This exhibition is no longer on view at the National Gallery. Please follow the links below for related online resources or visit our current exhibitions schedule.
Dada, one of the crucially significant movements of the historical avant-garde, was born in the heart of Europe in the midst of World War I. In the wake of that brutal conflict, Dadaists raucously challenged tradition, and art-making was changed forever. The most comprehensive museum exhibition of Dada art ever mounted in the United States, Dada features painting, sculpture, photography, film, collage, and readymades emerging in six cities: Zurich, Berlin, Hannover, Cologne, New York, and Paris. The exhibition presents many of the most influential figures in the history of modernism, as well as others less known, including Tristan Tzara, Hans Arp, Sophie Taeuber, Hans Richter, Hannah Höch, Raoul Hausmann, George Grosz, John Heartfield, Kurt Schwitters, Max Ernst, Francis Picabia, Man Ray, and Marcel Duchamp.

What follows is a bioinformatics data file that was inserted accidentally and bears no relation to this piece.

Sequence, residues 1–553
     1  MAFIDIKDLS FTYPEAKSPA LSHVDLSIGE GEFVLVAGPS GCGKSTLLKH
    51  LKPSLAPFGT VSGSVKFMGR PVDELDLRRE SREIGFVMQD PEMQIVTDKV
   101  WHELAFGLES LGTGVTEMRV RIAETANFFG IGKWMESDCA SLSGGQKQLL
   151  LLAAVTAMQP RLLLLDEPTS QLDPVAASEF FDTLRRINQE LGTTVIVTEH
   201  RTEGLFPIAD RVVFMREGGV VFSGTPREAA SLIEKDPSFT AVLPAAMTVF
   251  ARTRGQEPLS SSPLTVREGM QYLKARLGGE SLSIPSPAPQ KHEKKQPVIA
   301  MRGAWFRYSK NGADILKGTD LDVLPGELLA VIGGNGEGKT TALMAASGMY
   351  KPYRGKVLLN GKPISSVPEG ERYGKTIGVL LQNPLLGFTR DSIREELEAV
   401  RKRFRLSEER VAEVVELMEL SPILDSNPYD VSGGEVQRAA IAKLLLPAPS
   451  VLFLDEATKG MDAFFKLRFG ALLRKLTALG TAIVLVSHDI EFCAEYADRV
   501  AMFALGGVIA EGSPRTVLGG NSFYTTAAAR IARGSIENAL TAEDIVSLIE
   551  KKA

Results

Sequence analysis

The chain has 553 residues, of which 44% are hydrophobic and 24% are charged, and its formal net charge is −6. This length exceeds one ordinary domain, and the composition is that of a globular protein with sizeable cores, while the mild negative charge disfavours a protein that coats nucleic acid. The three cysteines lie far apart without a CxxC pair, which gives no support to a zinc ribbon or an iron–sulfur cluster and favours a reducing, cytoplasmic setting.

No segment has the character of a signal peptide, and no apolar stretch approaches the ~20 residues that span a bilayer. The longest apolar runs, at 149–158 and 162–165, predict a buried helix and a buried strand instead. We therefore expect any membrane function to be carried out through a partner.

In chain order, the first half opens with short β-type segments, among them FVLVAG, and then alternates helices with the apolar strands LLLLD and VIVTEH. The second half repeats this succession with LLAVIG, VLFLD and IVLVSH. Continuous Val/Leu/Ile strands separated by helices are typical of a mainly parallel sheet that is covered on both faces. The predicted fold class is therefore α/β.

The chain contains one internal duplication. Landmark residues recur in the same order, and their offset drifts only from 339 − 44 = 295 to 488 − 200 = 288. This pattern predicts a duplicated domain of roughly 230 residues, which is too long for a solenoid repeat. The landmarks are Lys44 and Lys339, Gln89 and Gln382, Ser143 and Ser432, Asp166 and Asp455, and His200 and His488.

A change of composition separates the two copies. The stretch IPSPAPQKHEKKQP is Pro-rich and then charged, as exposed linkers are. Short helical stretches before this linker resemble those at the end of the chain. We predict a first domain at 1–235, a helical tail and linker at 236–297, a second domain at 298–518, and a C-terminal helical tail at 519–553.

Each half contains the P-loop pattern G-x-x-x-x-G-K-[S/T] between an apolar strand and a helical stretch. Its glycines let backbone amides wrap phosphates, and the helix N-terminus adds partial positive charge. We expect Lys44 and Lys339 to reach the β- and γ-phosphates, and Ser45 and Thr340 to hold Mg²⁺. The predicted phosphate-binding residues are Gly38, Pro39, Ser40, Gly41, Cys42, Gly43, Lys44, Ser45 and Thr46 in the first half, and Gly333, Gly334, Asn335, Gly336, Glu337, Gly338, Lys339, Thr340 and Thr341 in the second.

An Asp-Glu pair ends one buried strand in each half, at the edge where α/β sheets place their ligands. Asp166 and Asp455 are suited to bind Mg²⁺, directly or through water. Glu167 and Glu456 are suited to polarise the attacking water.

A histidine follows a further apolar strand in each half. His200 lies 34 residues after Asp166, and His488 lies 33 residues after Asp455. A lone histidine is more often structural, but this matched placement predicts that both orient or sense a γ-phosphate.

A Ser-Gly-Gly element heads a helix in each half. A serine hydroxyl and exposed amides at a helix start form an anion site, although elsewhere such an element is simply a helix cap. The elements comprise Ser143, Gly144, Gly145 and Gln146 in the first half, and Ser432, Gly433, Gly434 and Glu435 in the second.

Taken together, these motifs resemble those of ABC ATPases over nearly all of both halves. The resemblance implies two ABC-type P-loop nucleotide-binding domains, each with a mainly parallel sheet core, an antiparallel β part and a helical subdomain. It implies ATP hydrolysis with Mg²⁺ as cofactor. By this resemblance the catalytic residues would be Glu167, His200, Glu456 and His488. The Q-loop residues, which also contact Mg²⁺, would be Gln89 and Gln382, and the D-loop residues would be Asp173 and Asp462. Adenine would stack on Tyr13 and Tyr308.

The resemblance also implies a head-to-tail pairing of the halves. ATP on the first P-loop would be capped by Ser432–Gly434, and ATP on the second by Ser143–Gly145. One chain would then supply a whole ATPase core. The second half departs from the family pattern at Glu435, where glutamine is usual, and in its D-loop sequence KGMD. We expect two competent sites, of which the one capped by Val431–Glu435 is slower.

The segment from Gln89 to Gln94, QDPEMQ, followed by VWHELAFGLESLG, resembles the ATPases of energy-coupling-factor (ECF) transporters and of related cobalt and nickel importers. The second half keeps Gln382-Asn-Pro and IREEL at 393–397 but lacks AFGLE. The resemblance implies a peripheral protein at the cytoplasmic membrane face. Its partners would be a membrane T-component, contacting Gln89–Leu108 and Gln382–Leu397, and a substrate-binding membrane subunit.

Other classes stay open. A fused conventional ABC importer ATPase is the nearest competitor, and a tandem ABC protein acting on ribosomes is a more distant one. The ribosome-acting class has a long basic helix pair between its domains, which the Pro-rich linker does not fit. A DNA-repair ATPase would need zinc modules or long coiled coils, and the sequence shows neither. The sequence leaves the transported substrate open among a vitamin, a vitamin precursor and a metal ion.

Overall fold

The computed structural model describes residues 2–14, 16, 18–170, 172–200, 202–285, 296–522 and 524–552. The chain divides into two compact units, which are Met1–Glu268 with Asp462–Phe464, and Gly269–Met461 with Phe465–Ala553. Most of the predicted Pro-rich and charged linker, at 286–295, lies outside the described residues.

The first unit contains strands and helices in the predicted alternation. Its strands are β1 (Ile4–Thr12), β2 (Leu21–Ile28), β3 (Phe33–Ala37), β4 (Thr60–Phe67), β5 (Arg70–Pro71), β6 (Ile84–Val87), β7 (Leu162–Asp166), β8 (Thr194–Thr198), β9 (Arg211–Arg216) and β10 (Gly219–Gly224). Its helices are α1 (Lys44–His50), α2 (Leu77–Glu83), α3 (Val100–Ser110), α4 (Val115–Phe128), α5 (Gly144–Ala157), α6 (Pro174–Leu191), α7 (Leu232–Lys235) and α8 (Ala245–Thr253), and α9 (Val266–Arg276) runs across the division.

Organization: Organized by the National Gallery of Art, Washington, and the Centre Pompidou, Paris, in collaboration with the The Museum of Modern Art, New York.
Sponsor: The exhibition is made possible through the generous support of the Anna-Maria and Stephen Kellen Foundation and the Catherine B. Reynolds Foundation.
Additional support for the exhibition has been provided by the Annenberg Foundation and Thomas G. Klarner.
The brochure is made possible by Aaron and Barbara Levine and Pro Helvetia, Arts Council of Switzerland.
The film is made possible by the HRH Foundation.
The exhibition is supported by an indemnity from the Federal Council on the Arts and the Humanities.